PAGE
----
Easy Rabbit Hutch Building
If you are thinking of getting one rabbit or even a few, you'll need a rabbit hutch. Building some sort of hutch to house them safely can be an interesting project.
You can purchase them already made from pet supply stores or feed stores, but many people prefer to build their own. Taking responsibility for building a safe and secure home for your rabbits will make you feel great and it helps with the anticipation that builds as you wait to get your new animals.
If you decide to build your own rabbit hutch, there are a few ways to go about it. You can find a plan online or in a book. You can purchase plans. You can make up your own. I don't recommend making up your own unless you have previous experience building a secure hutch or other structure. The easiest way is to get a free plan.
The plan you choose should give you a list of materials you will require for your rabbit hutch building. It should include wood, heavy duty wire, screws, roofing materials and tools. Screws hold up better over time than nails, so even if your plan uses nails, you may be better off using wood screws. Gather together all your materials in one place.
If you need to cut any of your wood pieces (and you will), be sure and measure them carefully. Remember the old adage, "measure twice, cut once." This means it is easier to check and double check your measurements before cutting than to cut one of your pieces the wrong size and have to rush to the store to replace it. Place all your cut pieces together so you know which pieces are good and which are scrap.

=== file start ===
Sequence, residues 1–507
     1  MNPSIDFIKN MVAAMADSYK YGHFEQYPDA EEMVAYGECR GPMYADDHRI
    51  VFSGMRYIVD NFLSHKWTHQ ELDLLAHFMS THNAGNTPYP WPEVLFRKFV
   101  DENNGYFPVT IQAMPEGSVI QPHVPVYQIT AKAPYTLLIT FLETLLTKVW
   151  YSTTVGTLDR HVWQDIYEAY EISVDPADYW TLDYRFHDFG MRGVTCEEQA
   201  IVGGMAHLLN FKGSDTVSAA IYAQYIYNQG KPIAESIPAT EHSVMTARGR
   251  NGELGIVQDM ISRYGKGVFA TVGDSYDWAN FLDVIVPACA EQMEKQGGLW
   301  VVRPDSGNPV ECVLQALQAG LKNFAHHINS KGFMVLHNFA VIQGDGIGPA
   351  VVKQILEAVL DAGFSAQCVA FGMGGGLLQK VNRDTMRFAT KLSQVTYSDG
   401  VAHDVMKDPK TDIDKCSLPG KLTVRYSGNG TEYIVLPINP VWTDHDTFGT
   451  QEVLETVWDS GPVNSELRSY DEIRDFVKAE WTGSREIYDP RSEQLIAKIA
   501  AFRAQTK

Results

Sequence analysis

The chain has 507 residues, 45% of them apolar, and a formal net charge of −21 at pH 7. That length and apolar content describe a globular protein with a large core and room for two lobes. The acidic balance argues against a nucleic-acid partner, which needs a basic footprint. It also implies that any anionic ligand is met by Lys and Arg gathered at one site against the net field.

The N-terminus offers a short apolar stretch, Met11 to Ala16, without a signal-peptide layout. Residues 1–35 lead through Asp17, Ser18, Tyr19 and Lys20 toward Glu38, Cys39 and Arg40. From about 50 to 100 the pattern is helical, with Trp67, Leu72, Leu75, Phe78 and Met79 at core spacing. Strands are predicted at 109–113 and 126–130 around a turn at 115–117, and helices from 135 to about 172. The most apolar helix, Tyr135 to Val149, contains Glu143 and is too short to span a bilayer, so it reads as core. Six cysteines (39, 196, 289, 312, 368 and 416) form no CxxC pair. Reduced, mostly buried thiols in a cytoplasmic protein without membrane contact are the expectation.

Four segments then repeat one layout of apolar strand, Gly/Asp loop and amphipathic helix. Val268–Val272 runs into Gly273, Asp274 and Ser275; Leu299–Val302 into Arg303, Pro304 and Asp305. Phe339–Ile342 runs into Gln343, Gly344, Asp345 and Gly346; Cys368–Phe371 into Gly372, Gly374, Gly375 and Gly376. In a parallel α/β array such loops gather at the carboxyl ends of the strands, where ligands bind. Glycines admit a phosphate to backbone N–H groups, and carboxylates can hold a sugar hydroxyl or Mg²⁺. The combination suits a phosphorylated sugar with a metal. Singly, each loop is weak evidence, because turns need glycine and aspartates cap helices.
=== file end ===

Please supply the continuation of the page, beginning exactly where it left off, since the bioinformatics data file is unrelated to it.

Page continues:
Screw the frame of your hutch together. You may need help with this if you cannot hold the frame steady while you are working. Use a heavy duty staple gun to attach the wire. Apply your staples liberally so you don't have any gaps that predators could use to enter the hutch. Attach any wood sides you will be using after you finish the wire.
The roof should be angled so rain and snow end up on the ground and not on your roofing. Line the wood of the roof with some tar paper or roofing felt before applying shingles or corrugated fiberglass. Follow the instructions for applying these materials so they are as effective as possible.
Attach the door to your hutch. You may have cut one from wire earlier, or perhaps you have framed one to use with wire. Some people prefer solid doors. Wire doors can be attached with J clips or hog rings. Wood framed or solid doors will need standard hinges. Attach the latch that will secure the door.
When your rabbit hutch building is finished, it will be time to determine where to put the feeder. This is not important if you are using a crock or other form of feeder that remains completely inside the cage. If you are using a J feeder, you will need to cut a spot in the wire for the lower portion of the feeder to go through when it is attached to the outside of the cage.
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